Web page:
Government Crackdown in Cambodia Has All But Eliminated Accountability: NGOs, Analysts

2017-12-27
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Security stand guard outside the Supreme Court in Phnom Penh, Oct. 31, 2017.
Security stand guard outside the Supreme Court in Phnom Penh, Oct. 31, 2017.
AP Images

A government crackdown on Cambodia’s opposition, NGOs, and independent media has led to a deterioration of the country’s system of checks and balances, according to observers, hampering democracy and deterring the public from engaging in politics.

Following a strong showing by the opposition Cambodia National Rescue Party (CNRP) in the country’s 2013 elections, Prime Minister Hun Sen delivered a six-hour televised speech calling on officials from his ruling Cambodian People’s Party (CPP) to undertake significant reforms and win back popular support.

“Firstly, you need to look at yourselves in a mirror,” he said at the time, adding that CPP officials should then “scrub your bodies to rid yourselves of all the dirty things.”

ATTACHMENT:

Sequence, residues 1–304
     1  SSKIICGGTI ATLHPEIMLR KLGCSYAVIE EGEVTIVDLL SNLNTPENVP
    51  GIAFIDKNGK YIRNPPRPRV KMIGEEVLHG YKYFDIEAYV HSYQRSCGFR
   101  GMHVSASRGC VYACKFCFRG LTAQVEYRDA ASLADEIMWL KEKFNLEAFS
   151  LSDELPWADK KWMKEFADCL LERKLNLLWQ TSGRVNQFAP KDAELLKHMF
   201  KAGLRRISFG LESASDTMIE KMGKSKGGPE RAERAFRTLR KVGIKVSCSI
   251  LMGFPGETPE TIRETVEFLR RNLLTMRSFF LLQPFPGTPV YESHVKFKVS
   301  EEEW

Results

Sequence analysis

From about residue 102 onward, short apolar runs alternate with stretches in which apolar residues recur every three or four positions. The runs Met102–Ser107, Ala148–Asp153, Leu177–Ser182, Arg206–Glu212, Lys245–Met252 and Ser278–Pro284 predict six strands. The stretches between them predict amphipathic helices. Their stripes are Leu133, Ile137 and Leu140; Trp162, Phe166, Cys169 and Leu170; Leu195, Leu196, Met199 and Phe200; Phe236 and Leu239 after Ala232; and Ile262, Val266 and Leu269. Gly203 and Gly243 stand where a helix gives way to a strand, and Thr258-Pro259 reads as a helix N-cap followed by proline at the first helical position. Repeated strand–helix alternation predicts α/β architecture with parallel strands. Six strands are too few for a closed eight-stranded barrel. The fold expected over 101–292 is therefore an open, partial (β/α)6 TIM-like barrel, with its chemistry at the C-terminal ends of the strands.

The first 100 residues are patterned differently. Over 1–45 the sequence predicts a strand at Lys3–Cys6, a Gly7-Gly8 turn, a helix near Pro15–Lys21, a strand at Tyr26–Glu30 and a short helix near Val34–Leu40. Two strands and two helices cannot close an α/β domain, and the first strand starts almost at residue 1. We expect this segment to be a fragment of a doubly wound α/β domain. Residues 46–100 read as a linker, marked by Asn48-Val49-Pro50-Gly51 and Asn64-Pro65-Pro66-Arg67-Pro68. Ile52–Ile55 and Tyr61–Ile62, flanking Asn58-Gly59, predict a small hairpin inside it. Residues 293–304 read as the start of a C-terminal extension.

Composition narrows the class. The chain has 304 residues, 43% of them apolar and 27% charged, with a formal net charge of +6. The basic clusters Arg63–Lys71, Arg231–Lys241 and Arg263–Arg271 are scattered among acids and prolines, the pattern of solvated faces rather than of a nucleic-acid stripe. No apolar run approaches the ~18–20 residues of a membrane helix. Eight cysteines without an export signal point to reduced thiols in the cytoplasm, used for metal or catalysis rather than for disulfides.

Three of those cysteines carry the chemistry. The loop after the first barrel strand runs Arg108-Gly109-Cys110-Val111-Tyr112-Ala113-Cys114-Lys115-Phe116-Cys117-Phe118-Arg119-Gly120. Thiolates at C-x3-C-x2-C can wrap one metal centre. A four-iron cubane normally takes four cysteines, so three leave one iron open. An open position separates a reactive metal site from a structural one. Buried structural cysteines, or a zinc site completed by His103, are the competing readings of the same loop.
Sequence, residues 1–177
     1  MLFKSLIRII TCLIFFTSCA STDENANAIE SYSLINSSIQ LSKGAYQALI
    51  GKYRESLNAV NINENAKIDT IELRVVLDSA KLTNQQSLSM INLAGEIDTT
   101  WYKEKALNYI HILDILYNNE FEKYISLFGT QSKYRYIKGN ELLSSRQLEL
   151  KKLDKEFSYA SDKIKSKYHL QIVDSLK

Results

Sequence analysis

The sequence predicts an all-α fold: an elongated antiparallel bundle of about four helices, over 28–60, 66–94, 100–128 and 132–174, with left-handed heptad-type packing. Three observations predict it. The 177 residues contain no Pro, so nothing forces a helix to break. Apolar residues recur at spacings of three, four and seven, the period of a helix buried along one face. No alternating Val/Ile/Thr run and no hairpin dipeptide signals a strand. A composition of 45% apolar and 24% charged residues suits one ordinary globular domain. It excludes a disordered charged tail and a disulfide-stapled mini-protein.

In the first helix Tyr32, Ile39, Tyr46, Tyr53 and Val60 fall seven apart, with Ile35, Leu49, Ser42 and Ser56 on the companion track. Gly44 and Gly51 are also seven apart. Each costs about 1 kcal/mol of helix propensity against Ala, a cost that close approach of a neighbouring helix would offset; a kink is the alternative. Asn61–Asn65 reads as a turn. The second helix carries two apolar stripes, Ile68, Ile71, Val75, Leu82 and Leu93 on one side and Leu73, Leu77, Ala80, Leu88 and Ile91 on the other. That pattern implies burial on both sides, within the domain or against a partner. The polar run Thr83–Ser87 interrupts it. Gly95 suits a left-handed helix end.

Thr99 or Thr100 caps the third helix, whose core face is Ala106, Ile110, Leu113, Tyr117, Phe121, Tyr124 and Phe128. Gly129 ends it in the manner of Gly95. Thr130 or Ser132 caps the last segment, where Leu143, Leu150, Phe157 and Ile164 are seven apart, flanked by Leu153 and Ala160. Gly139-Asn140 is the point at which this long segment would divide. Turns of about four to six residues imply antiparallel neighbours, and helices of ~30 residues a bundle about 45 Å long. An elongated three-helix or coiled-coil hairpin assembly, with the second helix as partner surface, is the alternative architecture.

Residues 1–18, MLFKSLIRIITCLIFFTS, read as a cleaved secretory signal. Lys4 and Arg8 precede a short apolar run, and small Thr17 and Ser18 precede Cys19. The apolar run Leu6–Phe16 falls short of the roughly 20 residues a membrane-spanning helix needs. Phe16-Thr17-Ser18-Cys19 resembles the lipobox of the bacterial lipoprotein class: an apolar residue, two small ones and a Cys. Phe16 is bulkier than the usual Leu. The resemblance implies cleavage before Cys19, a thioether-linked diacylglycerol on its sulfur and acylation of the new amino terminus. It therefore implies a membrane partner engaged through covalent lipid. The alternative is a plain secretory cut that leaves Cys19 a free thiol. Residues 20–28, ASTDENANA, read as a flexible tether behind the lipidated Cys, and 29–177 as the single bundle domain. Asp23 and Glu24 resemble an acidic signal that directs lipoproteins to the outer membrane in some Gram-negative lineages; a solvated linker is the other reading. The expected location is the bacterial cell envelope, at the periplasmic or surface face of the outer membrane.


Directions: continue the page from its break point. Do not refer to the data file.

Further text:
“You have to learn to accept reality based on criticism from stakeholders, the people, civil society and the opposition.”

Last week, Hun Sen convened a meeting of his top officials, during which he reiterated several key points of the same message.

In the five years since the last general election, however, the CPP has expended much of its energy discrediting critics of its governance, harassing lawmakers, rights monitors, activists, the media and even representatives of the United Nations.

Since the CNRP won nearly 44 percent of all votes in Cambodia’s June commune elections, authorities have arrested opposition chief Kem Sokha on charges of “treason” and the Supreme Court dissolved the party for its role in his alleged plot to topple the government—redistributing its parliamentary seats and councilor positions to pro-government parties, and banning 118 of its officials from politics for five years.